Moreover, nanobodies appear to work against the variants of SARS-CoV-2 that keep arising over time, undermining the effectiveness of RNA vaccines that were genetically engineered. The long-term effects of such vaccines remain to be fully determined. Nanobodies, by contrast, require no injection and could be self-administered via an inhaler. They also have a long shelf-life, not requiring freezing during transport.
Despite the roll-out of vaccines and antivirals, the need for effective therapeutics against severe COVID-19 infection remains high. Nanobodies—which are fragments of antibodies that occur naturally in camelids and can be adapted for humans—are promising therapeutic candidates as they offer several advantages over conventional antibodies. For example, they have favourable biochemical properties and are easy to produce cost-effectively at scale.
What’s not to like about this approach? Bring it on. Presumably those with qualms about the engineered vaccines would have no hesitation using an inhaler with natural material that stops the virus before it can make one sick.
What the heads of Big Pharma would think about potential drop in profits, though, is another matter, to say nothing of the loss of power by some government leaders who seem to enjoy issuing vaccine and mask mandates for without sufficient scientific justification.
IU School of Medicine-led study shows human induced pluripotent stem cells improve visual acuity, vascular health (Indiana University School of Medicine, 10 March 2022).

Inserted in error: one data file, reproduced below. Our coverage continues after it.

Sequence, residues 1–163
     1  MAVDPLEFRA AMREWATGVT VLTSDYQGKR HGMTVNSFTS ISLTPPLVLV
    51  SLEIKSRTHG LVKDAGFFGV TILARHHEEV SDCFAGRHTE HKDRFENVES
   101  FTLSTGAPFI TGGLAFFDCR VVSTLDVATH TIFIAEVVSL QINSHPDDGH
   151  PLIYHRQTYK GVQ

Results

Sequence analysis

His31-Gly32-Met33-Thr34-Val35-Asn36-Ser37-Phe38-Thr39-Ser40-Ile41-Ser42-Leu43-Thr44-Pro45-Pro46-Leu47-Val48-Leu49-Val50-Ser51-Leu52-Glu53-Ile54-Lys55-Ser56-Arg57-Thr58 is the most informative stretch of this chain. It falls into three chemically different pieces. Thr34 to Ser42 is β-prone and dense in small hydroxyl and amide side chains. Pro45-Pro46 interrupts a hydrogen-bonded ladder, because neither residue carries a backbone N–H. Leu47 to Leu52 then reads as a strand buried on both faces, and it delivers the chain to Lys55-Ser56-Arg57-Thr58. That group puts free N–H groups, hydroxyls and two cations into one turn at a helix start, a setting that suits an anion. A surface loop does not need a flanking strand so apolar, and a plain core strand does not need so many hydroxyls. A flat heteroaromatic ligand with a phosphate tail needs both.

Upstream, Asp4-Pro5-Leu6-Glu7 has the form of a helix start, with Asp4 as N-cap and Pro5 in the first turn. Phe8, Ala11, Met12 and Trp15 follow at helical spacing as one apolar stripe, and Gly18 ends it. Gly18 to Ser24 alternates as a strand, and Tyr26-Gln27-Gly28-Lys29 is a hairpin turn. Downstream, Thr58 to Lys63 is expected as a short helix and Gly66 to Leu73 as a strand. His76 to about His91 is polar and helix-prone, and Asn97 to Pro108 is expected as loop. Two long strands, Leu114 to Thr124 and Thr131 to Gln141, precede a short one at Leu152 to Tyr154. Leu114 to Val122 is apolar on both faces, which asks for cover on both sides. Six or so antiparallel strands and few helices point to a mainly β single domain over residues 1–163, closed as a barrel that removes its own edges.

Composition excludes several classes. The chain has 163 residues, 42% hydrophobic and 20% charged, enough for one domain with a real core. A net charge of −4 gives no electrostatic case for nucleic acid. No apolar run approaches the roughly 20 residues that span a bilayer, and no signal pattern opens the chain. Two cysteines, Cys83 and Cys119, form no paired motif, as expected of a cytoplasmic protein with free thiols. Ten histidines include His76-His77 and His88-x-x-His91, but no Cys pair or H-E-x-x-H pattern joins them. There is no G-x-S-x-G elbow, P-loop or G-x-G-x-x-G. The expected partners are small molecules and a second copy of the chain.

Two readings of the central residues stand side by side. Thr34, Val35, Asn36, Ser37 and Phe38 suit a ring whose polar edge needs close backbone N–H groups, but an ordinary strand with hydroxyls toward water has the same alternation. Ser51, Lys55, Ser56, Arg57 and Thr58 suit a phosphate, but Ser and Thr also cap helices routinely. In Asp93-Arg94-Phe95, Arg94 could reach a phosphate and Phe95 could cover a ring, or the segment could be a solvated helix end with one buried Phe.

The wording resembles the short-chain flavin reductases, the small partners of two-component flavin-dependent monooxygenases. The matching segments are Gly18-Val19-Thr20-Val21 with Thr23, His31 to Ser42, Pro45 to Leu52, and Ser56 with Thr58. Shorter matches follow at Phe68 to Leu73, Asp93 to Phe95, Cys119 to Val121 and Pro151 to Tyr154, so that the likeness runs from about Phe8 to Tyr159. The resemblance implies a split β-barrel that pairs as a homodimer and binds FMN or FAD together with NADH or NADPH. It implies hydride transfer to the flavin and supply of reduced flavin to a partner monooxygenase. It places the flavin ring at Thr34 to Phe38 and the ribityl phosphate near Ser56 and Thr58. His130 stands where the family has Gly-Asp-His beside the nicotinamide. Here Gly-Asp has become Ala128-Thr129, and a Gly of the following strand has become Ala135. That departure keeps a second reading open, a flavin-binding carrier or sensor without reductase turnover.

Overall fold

It’s been awhile since there has been a report of a new application for human induced pluripotent stem cells (hiPSC), which are ethically superior to the use of embryonic stem cells because they come from adult cells (such as cells from skin or blood) that can be “programmed” back to their stem cell state. This research looks promising for those with retinal damage from Type 2 diabetes.
In the multi-site, early phase study recently published in Science Advances, investigators genetically reprogrammed diabetic and non-diabetic peripheral blood cells into hiPSCs and matured the cells into special blood vessel reparative cells. Upon injection into animal models with type 2 diabetic murine (T2D) retinal dysfunction, results showed significant improvement in visual acuity and electroretinograms with restoration of vascular perfusion. They hypothesized hiPSC-derived vascular reparative cells may serve as a source of endothelial precursors that will display in vivo vessel reparative properties in these diabetic subjects.
This quote indicates that stem cell researchers have been well aware of the pushback by ethicists for using human embryos to gather stem cells, which requires the death of a unique human individual.
“Unlike the use of embryonic stem cells (ESCs), genetically engineered hiPSCs do not carry the ethical challenges ESCs possess that limit their possible usage, and hiPSCs are being increasingly recognized as a viable alternative in study design and application as a cell therapy for human disorders,” Gil said.
A colleague called this a “monumental step forward” in the use of hiPSCs for treatment of complications of diabetes.
We love good, ethical science. Our frequent complaints about the Darwinists should not be construed as criticism of many thousands of researchers around the world who apply their skills and knowledge ethically and conscientiously to help their fellow man. We are glad to give good examples when they appear in the media. As one could expect, none of these articles had any use for evolutionary theory.